2024’s weirdest movie is a haunted flashback for the Nickelodeon generation

Justice Smith and Brigette Lundy-Paine watch TV with rapt attention in a screenshot from I Saw the TV Glow.
Justice Smith and Brigette Lundy-Paine in I Saw the TV Glow. A24 / A24

The characters in Jane Schoenbrun’s haunting new indie reverie I Saw the TV Glow first bond over an episode guide. Not a TV show. The official guide for a TV show. Introverted suburban teenager Owen (Ian Foreman as a 7th grader, Justice Smith thereafter) will eventually become obsessed with The Pink Opaque, a chintzy cable series about two junior-high girls from different towns who forge a psychic bond to battle supernatural forces. But before going full fan, Owen is drawn to the authorized print companion he spots the slightly older Maddy (Brigette Lundy-Paine) flipping through after school.

If you came of age in the 1990s watching shows like The X-Files and Buffy the Vampire Slayer — network watercooler sensations that sat at the intersection of mainstream success and cult appeal — you may well have owned one of these tie-in books, whose glossy pages offered full-color images, tidbits of behind-the-scenes trivia, and summaries of the tangled mythology that connected each weekly installment. Such trusty almanacs of lore were the bibles of late-20th-century fandom. Today, they look like relics of an older era, rendered obsolete by the mass hissing of modems. Eventually, all the information contained between their shiny covers could be found at the click of a mouse instead.

That fictional book for a fictional show is just one telling, evocative detail that ties I Saw the TV Glow to a very particular time period. Though the plot ultimately races forward through the years, a significant stretch of it takes place in the late ’90s, specifically 1996 and 1998 – what you could call the heyday of episode guides, right before everyone took their lives and interests online. It’s one thing to accurately capture the look and vibe of a past decade, but Schoenbrun does something more uncanny still: They create a snapshot of a lonely micro moment, the last gasp of analog fandom at the dawn of the internet era.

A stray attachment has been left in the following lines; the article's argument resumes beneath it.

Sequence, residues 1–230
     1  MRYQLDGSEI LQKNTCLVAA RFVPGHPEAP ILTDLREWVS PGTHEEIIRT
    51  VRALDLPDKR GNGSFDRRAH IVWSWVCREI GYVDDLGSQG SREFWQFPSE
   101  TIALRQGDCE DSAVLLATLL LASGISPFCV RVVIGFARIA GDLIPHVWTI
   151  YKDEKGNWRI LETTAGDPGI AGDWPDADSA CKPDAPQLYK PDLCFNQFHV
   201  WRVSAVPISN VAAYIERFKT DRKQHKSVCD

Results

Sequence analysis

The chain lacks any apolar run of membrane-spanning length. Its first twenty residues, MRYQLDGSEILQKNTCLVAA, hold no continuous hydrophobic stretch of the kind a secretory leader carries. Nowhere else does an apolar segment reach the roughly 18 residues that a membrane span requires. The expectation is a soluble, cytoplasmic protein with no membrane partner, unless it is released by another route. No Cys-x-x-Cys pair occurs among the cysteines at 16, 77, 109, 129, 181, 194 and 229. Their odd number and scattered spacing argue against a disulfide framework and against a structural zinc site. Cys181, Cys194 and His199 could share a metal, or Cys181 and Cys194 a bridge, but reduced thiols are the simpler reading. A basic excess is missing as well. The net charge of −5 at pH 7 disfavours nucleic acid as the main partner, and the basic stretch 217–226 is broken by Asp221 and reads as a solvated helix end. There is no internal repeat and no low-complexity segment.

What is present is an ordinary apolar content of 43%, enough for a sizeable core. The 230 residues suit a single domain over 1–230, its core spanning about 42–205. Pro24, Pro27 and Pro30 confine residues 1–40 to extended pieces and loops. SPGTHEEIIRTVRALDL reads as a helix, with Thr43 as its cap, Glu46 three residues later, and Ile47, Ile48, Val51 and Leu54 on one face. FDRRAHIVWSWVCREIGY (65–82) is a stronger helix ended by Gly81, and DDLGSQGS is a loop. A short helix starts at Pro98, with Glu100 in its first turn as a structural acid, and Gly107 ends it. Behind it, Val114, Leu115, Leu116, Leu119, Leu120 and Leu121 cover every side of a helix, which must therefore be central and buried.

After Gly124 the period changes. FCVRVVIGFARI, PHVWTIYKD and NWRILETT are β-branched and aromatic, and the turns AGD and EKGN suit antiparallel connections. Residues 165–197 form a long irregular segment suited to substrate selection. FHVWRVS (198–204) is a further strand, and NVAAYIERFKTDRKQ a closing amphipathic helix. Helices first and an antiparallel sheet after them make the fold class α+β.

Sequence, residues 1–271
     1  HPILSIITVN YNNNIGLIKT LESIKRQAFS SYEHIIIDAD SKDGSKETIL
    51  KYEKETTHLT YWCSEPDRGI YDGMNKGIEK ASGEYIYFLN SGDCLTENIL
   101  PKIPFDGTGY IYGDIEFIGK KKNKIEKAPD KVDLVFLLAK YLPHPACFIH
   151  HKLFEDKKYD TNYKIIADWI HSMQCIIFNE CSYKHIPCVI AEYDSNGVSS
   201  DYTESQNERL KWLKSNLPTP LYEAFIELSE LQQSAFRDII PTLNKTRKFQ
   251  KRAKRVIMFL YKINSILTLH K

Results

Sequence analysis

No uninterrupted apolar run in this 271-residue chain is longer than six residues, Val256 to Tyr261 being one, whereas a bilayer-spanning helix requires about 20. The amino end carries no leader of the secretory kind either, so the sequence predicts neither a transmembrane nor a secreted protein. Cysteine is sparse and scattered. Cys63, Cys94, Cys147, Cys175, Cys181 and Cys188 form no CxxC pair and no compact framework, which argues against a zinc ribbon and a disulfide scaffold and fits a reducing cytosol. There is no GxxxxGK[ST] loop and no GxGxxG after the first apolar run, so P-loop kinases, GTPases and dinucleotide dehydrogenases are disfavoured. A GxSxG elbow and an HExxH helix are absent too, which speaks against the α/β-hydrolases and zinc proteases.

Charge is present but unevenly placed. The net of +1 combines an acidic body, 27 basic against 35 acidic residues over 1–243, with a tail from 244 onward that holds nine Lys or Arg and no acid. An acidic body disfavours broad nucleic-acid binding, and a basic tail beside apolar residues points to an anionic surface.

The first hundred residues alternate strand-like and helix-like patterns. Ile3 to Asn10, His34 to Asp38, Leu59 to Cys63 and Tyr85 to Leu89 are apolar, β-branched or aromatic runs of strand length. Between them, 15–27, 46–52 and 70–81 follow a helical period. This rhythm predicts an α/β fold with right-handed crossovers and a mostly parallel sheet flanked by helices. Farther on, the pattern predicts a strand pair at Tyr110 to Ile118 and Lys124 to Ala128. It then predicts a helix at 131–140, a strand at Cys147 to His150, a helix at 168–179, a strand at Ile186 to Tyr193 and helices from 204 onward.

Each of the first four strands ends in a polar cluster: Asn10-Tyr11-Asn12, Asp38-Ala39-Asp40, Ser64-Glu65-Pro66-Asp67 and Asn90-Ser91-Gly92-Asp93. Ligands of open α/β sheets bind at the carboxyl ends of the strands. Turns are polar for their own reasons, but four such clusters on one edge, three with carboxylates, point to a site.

Schoenbrun is fast becoming an expert at plugging into the very soul of a culture. The writer-director’s remarkable first feature, the microbudget We’re All Going to the World’s Fair, told a drama of online preoccupation through the language of viral videos and creepypasta horror. Few movies before or since have better understood the internet as a machine for reinvention. Was the film’s isolated teenage heroine finding or losing herself by plunging down the rabbit hole of role-playing? Was this a story of hard-earned belonging or radicalization? That it’s tough to say is indicative of Schoenbrun’s shrewd ambivalence, though, of course, there was a larger metaphor to be found in the mystery. 

I Saw the TV Glow is no more easily classified. Like We’re All Going to the World’s Fair, it tells a tale of transformation — or at least the screaming desire for one — that can’t be filed in one particular aisle of the proverbial video store. In scope, budget, and the name recognition of its cast (Danielle Deadwyler! Conner O’Malley! Fred freakin’ Durst!), the film is a step forward — even an inch toward the A24 mainstream. Subculturally speaking, it looks backwards: Having made one of the quintessential movies about the internet, Schoenbrun has now returned to an America yet to fully migrate online. Was this the last moment in history when it was possible to feel truly alone in your media obsessions, when you could still feel like they belonged only to you?

Schoenbrun is old enough to recognize that, back then, pop culture was somehow both more ephemeral and more tangible. Before streaming made time slots obsolete, following along with a densely mythological small-screen saga like The Pink Opaque meant ritualistically tuning in when it aired. That, or finding someone to tape it for you. In I Saw the TV Glow, Owen and Maddy form an intimate two-person fan club around physical media — first an episode guide, then a VHS treasure trove of reruns and new installments she passes off to him each week. In the same way that owning a mixtape you could hold in your hands connected you to the songs, these cable recordings become cherished objects for Owen, his personal library of replayable favorites.